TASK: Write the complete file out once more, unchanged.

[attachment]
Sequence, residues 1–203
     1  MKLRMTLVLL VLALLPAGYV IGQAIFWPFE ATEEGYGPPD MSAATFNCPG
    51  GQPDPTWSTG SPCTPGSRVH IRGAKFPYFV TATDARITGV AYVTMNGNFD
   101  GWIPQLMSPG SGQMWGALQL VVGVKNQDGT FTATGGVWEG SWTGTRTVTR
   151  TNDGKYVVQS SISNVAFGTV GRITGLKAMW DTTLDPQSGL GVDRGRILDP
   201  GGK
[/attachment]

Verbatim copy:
Sequence, residues 1–203
     1  MKLRMTLVLL VLALLPAGYV IGQAIFWPFE ATEEGYGPPD MSAATFNCPG
    51  GQPDPTWSTG SPCTPGSRVH IRGAKFPYFV TATDARITGV AYVTMNGNFD
   101  GWIPQLMSPG SGQMWGALQL VVGVKNQDGT FTATGGVWEG SWTGTRTVTR
   151  TNDGKYVVQS SISNVAFGTV GRITGLKAMW DTTLDPQSGL GVDRGRILDP
   201  GGK